While the paradox is named after lekking species, which often provide the most extreme examples of ornamentation, the problem extends to all those species where males do not give their partners direct (or ‘material’) benefits. Research in this field helps us to figure out the wider effects of sexual selection – for example, can it help to prevent the build-up of deleterious mutations in a population? On a different level, it is interesting to ask why such behaviour exists – is sex really worth the male making himself quite so obvious to predators? How does a female ‘know’ which male is ‘good enough’? This paper gives us a nice description of the courtship behaviour that we see in this video, and provides a basis for further study of these charismatic little animals (and others in the genus Maratus) – this is especially intriguing as the ‘multi-modal’ nature of their courtship is ripe for further investigation. Each facet is a drain on resources, whether it be the development of the colourful abdominal flaps and ornamented third legs, or the waving and dancing itself – to say nothing of the vibrational drumming, wonderfully described as ‘rumble-rumps’ by the paper’s authors. Why have the males evolved these multiple signals? Do they represent different features of his quality, and can females discriminate between them? Is one signal more important than all the rest? I’m sure I’m not the only one who’s excited about what else this colourful spider can inform us about evolution.
See more videos from the Elias lab at Berkeley here.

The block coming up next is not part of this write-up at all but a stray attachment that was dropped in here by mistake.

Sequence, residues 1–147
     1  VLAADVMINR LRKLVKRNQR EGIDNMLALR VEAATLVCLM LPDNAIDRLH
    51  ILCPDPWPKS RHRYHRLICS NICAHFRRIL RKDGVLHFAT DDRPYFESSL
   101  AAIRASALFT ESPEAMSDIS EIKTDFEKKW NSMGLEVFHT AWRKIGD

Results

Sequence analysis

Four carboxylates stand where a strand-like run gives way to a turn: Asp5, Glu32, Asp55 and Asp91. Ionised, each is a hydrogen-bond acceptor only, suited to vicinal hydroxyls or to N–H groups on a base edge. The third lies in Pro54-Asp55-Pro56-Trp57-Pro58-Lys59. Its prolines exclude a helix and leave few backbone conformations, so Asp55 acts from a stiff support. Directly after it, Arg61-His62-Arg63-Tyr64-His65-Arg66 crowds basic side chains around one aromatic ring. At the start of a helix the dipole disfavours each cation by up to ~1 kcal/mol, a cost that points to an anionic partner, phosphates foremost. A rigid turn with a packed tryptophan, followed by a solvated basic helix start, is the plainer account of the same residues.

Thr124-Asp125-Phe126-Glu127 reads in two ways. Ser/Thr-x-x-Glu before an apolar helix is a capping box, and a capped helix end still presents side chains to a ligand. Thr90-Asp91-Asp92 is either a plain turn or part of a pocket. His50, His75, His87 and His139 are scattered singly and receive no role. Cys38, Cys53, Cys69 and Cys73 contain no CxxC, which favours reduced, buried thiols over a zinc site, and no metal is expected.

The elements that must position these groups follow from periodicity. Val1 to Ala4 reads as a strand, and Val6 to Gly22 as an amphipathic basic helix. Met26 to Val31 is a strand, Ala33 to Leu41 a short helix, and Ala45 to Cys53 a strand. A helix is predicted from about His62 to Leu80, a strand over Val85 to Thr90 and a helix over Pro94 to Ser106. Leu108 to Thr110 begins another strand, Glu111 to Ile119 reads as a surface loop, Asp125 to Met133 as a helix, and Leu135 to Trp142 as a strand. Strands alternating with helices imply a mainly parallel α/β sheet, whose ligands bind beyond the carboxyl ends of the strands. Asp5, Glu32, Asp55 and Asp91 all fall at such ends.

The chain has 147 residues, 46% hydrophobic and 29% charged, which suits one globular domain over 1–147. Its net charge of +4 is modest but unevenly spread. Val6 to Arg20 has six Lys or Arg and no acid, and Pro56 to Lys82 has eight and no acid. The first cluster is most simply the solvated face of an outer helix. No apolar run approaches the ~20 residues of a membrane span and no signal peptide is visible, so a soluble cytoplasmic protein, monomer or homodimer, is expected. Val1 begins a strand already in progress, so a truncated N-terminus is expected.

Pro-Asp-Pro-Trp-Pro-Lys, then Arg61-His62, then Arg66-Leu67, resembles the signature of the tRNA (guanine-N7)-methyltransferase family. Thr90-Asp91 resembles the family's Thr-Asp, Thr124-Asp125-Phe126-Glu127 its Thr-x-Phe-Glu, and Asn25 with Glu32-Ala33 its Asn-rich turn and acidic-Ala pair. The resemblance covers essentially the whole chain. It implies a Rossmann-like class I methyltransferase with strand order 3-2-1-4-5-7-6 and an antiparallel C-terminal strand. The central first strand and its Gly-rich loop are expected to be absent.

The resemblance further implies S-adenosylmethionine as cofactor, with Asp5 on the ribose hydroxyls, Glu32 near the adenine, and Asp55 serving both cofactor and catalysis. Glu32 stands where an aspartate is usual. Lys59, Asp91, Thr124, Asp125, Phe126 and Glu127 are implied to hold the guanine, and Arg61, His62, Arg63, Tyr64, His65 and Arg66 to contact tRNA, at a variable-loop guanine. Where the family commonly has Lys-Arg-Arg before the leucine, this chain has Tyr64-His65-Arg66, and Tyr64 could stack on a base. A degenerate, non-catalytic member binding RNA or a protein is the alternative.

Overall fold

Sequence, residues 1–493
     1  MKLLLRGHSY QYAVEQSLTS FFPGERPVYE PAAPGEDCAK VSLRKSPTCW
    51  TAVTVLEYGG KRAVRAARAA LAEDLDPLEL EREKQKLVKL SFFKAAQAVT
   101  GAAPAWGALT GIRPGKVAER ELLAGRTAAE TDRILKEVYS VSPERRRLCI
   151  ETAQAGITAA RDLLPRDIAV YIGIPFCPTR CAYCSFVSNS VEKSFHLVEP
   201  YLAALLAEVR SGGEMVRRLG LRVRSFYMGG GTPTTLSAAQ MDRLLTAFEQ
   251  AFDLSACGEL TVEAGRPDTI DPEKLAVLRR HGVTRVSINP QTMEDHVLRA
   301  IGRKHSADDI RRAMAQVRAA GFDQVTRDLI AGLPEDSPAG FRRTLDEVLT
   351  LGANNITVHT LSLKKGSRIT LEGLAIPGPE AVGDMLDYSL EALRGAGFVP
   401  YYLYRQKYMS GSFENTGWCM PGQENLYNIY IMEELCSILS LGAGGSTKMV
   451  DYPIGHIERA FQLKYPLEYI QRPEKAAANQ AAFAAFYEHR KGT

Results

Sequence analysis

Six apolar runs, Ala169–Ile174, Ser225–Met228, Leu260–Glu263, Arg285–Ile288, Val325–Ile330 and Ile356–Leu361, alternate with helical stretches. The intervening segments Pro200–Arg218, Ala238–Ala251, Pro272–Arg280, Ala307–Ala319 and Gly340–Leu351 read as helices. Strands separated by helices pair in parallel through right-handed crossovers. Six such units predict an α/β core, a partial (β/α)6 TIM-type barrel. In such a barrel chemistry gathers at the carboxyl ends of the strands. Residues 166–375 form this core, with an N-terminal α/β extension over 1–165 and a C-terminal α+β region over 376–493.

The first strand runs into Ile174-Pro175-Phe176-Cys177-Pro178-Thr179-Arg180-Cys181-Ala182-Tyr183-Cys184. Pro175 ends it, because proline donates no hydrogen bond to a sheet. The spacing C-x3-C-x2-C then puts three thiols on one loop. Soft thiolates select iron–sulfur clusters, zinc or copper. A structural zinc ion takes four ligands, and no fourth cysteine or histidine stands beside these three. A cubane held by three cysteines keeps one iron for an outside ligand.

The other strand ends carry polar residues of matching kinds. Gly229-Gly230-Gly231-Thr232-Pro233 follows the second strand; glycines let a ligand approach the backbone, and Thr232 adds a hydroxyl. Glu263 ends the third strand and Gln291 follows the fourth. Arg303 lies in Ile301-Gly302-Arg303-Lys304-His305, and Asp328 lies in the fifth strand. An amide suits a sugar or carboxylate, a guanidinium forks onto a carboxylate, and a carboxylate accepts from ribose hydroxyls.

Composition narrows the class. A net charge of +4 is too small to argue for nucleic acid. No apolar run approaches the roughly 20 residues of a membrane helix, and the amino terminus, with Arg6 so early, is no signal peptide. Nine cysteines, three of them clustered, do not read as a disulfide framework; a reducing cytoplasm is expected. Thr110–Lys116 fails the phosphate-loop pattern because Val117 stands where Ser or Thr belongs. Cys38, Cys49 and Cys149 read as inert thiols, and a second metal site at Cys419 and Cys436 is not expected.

Check out Jurgen Otto’s fantastic photographs here.
*Note: I could not find much detail in terms of the mating system in Salticidae, much less this particular species, so it may indeed be that males are providing females with direct benefits. In which case, ignore me.
Think of a duck. Chances are, you’re picturing a mallard – and, if you weren’t, you probably are now. Imagine the male with his striking green-blue head, and the comparatively drab, mottled brown female. If you are a regular reader of science blogs, or simply a fan of waterbird genitalia, your mind may wander to his 20cm-long explosive corkscrew penis, or her cavernous vagina, riddled with dead ends and hairpin bends.
The father of modern taxonomy himself, Carl Linnaeus – admittedly, without having gained privy to these reproductive organs – first classified the male and female mallards mistakenly as separate species. We accept these differences readily nowadays, but how and why have they occurred? Even stranger, why should any species evolve such elaborate reproductive organs?
The answer stems from ‘gametes’, or reproductive cells. Males are defined by carrying sperm, millions of pared-down parcels transporting genetic cargo at high speed. Meanwhile, females harbour relatively few eggs, sluggish monoliths packed with nutrients and protection, waiting patiently for one battling sperm to fuse the genetic information and produce a new organism.
This imbalance in the resources ploughed into gametes results in conflicting desires in the sexes. A male could incur little cost by mating with as many females as possible, increasing the probability of his genes passing to the next generation. His female counterpart, having invested so much in her eggs, gains more from exercising restraint to ensure her offspring are of the highest possible genetic quality.
By what means, then, can a female determine her perfect match? Darwin outlined such characteristics in his 1871 book ‘Selection in Relation to Sex’:
“…the greater size, strength, and pugnacity of the male, his weapons of offence or means of defence against rivals, his gaudy colouring and various ornaments, his power of song, and other such characters.”
This system can be as straightforward as the bull elephant seal using his great strength to drive rivals from a harem of females. Other traits proved far more puzzling – Darwin’s frustration in the years prior to this publication is summarised in an 1860 letter containing the epithet: